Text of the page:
Psilocybin May Help Some Who Battle Anorexia
One dose of the hallucinogenic ingredient in "magic mushrooms" may help some people with anorexia move past their preoccupation with body image, an early study suggests.
The study, of just 10 women with anorexia, tested the effects of a single dose of psilocybin plus psychological counseling sessions.
Researchers found that the treatment appeared safe, with patients rating the experience as a positive one.
And within three months, four of 10 women had a significant improvement in their eating disorder "pathology." That meant certain eating-disorder behaviors — including preoccupation with weight and body shape — improved to the degree that they were close to what's typical of people without an eating disorder.
There are plenty of caveats in the findings, however, experts said.
The phase 1 trial was small and designed primarily to make sure the treatment was feasible and safe. So, no conclusions can be drawn about the effectiveness.
Still, the early findings indicate that psilocybin is worth further study, said Dr. Evelyn Attia, director of the Center for Eating Disorders at Columbia University and Weill Cornell Medicine, in New York City.
"I'd very much like for this to be studied further," she said.
Attia, who was not involved in the study, is also with the National Eating Disorders Association (NEDA).
At any given time, about 0.4% of young women and 0.1% of young men are suffering from anorexia, according to NEDA. People with anorexia obsess over weight and food, and typically have a distorted body image. They severely restrict what and how much they will eat, often to the point of becoming dangerously underweight.
"Anorexia is really, really difficult to treat," said lead researcher Stephanie Knatz Peck, an associate clinical professor at the University of California, San Diego's Eating Disorder Treatment and Research Center.
People with anorexia, she explained, often feel "ambivalent" about treatment because their entrenched behaviors are the very things that make them feel better. And while standard psychological therapies can help many people develop healthier attitudes toward food and their bodies, they are not always effective.
"Our treatments often fail patients," Peck said, noting that about 20% of people with anorexia develop a chronic condition.
So there's a great need for innovative options, she explained.
Enter psilocybin. As the active ingredient in so-called magic mushrooms, the substance has long been used recreationally as a hallucinogen — meaning it alters people's perceptions of their surroundings, and their own thoughts and feelings. That could end badly — if users think they can fly, for example.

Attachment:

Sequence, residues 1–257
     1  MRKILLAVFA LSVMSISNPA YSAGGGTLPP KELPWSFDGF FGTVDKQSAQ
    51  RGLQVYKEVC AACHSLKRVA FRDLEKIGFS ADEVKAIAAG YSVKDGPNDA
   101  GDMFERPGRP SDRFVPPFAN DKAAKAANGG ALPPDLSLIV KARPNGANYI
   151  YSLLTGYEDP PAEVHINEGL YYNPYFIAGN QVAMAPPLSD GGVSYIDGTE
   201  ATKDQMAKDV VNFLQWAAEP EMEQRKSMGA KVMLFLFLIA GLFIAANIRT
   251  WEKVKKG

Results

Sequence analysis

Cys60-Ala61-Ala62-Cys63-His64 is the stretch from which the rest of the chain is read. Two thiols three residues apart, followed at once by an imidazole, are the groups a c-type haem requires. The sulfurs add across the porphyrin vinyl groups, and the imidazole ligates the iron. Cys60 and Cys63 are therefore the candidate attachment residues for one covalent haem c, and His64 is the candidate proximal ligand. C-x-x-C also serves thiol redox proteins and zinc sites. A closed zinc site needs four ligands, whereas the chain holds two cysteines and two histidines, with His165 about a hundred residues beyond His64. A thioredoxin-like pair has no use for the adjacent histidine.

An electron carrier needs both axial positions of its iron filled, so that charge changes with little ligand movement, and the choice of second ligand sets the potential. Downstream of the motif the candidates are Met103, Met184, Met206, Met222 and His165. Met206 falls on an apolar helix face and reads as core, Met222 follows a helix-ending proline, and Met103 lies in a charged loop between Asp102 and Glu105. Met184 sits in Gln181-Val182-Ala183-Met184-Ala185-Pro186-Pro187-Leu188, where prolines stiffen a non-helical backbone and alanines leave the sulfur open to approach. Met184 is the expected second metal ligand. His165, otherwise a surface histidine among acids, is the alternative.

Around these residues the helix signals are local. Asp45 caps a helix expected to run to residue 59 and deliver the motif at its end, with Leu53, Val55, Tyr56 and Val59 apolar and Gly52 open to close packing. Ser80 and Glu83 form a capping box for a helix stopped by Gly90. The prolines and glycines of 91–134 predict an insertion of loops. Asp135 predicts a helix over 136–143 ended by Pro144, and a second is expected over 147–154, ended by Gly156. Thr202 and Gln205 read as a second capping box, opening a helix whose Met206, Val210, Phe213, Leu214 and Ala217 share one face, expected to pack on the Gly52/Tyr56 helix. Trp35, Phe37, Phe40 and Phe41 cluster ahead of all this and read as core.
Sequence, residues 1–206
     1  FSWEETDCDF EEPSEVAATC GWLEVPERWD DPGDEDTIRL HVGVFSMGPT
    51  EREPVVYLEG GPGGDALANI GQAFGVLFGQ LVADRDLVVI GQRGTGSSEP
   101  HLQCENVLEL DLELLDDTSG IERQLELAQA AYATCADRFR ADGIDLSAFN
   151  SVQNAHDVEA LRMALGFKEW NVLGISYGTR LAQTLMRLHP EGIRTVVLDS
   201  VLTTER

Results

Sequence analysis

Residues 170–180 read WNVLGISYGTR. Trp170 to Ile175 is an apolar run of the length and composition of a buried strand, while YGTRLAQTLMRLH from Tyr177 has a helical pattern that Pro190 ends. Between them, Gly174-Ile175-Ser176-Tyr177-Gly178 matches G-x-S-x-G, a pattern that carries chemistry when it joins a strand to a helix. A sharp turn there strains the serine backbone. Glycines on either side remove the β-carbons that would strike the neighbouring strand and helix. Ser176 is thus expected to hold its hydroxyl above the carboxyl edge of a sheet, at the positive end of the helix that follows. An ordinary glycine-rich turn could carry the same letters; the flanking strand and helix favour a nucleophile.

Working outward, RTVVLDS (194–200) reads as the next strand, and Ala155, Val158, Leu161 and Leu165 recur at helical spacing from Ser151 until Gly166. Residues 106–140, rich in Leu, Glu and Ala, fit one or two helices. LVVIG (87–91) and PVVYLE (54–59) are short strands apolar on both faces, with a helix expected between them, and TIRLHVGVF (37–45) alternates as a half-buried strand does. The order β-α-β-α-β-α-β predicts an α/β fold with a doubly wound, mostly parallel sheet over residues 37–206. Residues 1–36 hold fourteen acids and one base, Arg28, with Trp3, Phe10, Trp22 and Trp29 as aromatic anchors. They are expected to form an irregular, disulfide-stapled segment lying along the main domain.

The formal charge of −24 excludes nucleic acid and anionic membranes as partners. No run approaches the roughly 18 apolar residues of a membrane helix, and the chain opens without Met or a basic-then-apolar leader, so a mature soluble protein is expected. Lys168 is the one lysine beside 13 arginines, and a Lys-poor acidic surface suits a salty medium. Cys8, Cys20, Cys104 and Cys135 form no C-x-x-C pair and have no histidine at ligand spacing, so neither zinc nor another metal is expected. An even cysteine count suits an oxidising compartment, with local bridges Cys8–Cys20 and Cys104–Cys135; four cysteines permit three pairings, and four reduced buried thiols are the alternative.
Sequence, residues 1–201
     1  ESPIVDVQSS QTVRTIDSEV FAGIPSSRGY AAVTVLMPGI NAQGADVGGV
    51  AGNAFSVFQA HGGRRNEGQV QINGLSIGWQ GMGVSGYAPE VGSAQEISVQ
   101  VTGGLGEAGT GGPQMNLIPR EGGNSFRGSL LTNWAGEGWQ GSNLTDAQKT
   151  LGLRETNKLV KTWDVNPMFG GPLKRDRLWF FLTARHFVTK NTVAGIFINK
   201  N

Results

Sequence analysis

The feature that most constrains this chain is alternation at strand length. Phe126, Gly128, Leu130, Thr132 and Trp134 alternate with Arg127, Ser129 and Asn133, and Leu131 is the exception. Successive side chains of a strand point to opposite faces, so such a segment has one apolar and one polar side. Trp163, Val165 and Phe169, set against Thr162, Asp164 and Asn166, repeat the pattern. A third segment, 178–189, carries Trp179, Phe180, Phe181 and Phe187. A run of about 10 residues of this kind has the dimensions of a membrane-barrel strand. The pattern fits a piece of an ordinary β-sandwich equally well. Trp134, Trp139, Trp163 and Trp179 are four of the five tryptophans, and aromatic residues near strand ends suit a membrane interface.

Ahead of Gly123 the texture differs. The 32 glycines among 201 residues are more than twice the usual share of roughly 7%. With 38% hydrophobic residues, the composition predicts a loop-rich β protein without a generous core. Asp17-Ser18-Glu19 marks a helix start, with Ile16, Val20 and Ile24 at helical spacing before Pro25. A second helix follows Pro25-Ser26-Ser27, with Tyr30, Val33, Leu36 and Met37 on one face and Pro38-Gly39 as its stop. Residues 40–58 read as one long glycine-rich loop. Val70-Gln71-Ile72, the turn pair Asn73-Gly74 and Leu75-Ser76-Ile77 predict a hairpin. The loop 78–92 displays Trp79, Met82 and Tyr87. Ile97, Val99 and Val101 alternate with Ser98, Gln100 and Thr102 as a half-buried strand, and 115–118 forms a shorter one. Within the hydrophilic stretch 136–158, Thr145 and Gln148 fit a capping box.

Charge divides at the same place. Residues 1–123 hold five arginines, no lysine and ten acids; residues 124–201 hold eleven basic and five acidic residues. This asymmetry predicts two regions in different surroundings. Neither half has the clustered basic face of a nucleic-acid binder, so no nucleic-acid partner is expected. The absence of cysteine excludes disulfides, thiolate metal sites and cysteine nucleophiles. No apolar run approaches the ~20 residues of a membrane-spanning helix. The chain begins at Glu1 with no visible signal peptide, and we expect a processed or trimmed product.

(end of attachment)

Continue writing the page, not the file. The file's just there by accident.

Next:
But recent years have seen a growing interest in psilocybin as therapy. In the United States, researchers at institutions like New York University, the University of California and Johns Hopkins University are studying psilocybin-assisted therapy for psychiatric conditions like major depression and addiction.
For example, a 2021 study found that psilocybin was as effective as a standard antidepressant at easing patients' depression symptoms over six weeks. Both drugs were used along with psychological counseling — an essential component, experts noted.
For the latest study, published recently in the journal Nature Medicine, Peck's team recruited 10 women with anorexia, some of whom were in partial remission. They received one dose of a pharmaceutical-grade synthetic psilocybin formulation, under medical supervision, along with psychological counseling sessions before and after the treatment day.
Overall, the study found, the treatment was largely safe, though two patients had low blood sugar episodes. Three months later, the participants typically gave high ratings to the experience — with most saying they felt more optimistic and were placing less importance on physical appearance.
On average, participants' weight and body shape concerns decreased, and for four the improvement was "clinically significant," according to Peck's team.
But the study lacked a control group that did not receive psilocybin, Attia cautioned. So, it's not possible to know if the changes were due to psilocybin, or to taking part in a study of a novel therapy.
"You can imagine that people would come into the trial with a great deal of expectation," Attia said.
Nor did participants' body weight increase, on average.
What's needed is a larger trial that tests psilocybin against a comparator — and one is currently underway, Peck said.
The research is being funded by Compass Pathways, which is developing the psilocybin product. Peck is a consultant for the company.
How does psilocybin work? The drug's immediate impact stems from stimulation of brain receptors for the chemical serotonin, which helps regulate mood. What's unclear, researchers say, is why one dose of psilocybin can have longer-lasting effects.
Anorexia involves underlying biological vulnerabilities, Attia pointed out. However, there are no medications specifically designed for the disease, to make the treatment process easier for patients, she said.
Whether psilocybin targets any biological mechanisms involved in anorexia is unknown. But more research is needed in that area, Attia said.
The National Eating Disorders Association has more on anorexia.
SOURCES: Stephanie Knatz Peck, PhD, associate clinical professor, Eating Disorder Treatment and Research Center, University of California, San Diego; Evelyn Attia, MD, director, Center for Eating Disorders, Columbia University Medical Center and Weill Cornell Medicine, New York City, co-chair, research advisory council, National Eating Disorders Association, New York City; Nature Medicine, July 24, 2023, online